That said, the presentation isn’t for everyone. Unlike other shows that are showcases for amazing animation, Primal demands that you pay attention more or less all the time. The reliance on subtle emotion in the main characters in place of spoken dialogue means that you can’t watch it while browsing news feeds on your smartphone.
As an experience, it has more in common with, say, Fantasia than something with amazing action sequences and an overall plot, like Attack on Titan or Hunter X Hunter. It takes surprising focus to actually enjoy Primal, so save it for short sessions of viewing instead of long binges.
If you’re a long-time fan of animation, you’ll be able to see a few of the seams. Primal is reportedly produced in TVPaint, a popular animation suite designed for professional production, as opposed to home-grown systems as seen at Disney, Pixar, and co. And yeah, if you look closely, you’ll see repeated elements, shifting character’s scales, and a few animation inconsistencies. One episode that repeatedly zooms through a dark forest is particularly guilty.
But overall, pretty much every single visual element of Primal is jaw-dropping. It reminds me of nothing less than those classic color Sunday strips of Calvin and Hobbes when Bill Waterson spent one tiny square on space on a joke and went nuts painting watercolor dinosaurs for the rest of it. Except now it’s in motion.
While the first episode leans heavily on emotion to sell the relationship between Spear and Fang, the series gets into a rhythm over the following episodes, focusing mostly on those extended action sequences to flesh out some of the world. Generally, one or the other of them will get in trouble, or they’ll meet up with one really big thing or lots of really small things. And then kill them.
But when the show does decide to slow down, allowing you to focus on the subtle relationship between its non-verbal leads, it can surprise you with just how touching it’s willing to become. Nothing in the first season made me bawl like the infamous first sequence in Up, but it definitely sells that core bond between Spear and Fang.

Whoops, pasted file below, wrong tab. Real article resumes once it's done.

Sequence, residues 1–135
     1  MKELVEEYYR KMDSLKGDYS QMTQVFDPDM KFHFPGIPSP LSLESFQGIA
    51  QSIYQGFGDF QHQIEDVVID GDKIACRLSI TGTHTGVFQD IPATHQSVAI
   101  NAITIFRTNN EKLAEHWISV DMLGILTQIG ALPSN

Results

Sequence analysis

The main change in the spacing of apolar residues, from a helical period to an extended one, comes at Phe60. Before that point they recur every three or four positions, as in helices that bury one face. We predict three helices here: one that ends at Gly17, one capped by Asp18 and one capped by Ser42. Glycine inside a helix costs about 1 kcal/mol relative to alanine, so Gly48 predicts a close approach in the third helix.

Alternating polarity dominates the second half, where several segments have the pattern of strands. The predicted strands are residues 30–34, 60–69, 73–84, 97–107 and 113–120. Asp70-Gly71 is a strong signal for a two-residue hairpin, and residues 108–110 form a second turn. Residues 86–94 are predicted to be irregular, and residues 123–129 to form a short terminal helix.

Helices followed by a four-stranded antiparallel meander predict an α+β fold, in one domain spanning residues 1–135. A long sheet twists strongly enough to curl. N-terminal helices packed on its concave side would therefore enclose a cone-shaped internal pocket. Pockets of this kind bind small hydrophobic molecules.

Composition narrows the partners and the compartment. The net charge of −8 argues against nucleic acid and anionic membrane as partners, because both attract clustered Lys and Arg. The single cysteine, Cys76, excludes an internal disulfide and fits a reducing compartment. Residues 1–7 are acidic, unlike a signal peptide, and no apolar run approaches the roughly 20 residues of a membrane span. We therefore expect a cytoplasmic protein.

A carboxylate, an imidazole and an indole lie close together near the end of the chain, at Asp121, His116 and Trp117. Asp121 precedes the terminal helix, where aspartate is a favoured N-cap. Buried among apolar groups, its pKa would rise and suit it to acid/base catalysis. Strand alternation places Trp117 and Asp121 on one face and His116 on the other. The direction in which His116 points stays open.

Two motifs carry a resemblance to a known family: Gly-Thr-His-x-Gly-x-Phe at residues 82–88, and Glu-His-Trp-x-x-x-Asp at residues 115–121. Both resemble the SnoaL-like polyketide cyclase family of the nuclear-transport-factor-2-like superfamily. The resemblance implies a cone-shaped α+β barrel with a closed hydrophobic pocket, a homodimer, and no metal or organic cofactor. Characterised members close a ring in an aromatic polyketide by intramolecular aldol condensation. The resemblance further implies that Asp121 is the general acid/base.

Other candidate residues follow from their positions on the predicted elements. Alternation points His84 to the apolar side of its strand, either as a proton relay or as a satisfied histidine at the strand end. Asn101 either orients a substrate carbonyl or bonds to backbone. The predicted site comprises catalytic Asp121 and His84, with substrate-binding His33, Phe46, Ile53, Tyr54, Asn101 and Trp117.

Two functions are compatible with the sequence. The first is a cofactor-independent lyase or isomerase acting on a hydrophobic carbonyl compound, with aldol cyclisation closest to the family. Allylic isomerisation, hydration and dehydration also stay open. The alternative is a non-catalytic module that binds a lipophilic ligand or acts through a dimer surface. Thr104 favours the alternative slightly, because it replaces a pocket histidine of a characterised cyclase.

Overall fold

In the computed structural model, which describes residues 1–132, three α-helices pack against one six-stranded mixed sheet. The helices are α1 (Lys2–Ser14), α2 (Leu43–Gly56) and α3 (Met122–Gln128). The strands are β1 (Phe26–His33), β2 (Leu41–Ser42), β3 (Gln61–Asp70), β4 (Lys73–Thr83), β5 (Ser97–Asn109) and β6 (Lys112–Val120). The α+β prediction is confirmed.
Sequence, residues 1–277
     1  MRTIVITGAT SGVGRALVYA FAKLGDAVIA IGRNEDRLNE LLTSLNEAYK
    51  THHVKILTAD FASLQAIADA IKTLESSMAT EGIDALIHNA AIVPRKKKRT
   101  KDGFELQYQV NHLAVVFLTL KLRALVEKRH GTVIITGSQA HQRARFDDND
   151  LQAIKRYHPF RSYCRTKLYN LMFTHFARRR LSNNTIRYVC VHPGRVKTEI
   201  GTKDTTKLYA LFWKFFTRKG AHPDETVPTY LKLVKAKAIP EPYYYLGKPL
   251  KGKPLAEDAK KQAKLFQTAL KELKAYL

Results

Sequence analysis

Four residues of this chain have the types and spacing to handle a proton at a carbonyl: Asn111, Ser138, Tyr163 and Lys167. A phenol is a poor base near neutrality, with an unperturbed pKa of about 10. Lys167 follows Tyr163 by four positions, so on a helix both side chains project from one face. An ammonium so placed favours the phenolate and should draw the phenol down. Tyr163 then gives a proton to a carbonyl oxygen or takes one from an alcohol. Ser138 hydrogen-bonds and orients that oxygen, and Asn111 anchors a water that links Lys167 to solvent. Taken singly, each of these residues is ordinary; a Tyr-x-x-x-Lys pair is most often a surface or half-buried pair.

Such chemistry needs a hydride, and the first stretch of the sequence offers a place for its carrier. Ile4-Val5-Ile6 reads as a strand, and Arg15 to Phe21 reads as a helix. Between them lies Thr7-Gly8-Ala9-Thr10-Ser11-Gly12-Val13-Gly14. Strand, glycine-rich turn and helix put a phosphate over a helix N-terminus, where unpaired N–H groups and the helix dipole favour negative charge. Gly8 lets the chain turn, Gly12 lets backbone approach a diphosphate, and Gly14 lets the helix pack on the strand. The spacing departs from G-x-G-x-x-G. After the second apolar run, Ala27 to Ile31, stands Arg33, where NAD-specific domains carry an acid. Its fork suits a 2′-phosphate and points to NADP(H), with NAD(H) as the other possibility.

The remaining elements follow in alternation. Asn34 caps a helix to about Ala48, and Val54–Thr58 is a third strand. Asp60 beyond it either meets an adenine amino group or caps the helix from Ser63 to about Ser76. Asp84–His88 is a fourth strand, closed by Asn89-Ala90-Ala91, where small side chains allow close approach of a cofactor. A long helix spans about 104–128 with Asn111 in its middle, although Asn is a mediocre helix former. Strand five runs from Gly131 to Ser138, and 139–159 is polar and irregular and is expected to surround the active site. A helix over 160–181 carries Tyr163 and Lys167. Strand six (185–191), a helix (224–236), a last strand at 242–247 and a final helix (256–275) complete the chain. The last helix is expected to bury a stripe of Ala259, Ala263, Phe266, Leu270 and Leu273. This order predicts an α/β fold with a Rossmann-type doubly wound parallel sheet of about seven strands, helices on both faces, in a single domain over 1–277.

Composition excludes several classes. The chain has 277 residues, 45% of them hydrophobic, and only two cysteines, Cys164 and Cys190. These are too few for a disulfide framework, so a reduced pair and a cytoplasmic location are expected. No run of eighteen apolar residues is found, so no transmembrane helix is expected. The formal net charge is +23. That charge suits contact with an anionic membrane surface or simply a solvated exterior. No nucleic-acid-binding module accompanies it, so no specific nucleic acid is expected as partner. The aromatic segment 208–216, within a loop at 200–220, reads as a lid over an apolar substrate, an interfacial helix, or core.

The show ends its first five episodes on a cliffhanger,then has an even bigger drop for the tenth (and currently final) episode. It’s the best kind of finale for expanding the story, leaving you wanting more not just for the sake of the characters, but for what it means for the world of Primal as a whole. Fortunately, we know that a second season is coming … though there’s no telling when it might actually arrive.
Tricky to Track Down
The bad news is that it’s a little hard to find all of Primal at the moment. HBO Max is the only streaming service that has it as part of its full catalog and then, only the first five episodes of ten. If you subscribe to a cable or satellite package, you can also log in to the Adult Swim website for those same five episodes.
Oddly, all ten episodes of Primal can be watched as video on demand if you subscribe to the pricey YouTube TV. Sling TV gets the first five, but not the last. There’s no DVD or Blu-Ray release yet, and nowhere to watch the trailing five episodes for free.
The good news is that it’s available to buy episode-by-episode from all the usual suspects: Apple, Google, Amazon, Microsoft, etc. And though it’s pretty pricey for the length of actual content, for me, Primal is worth every penny.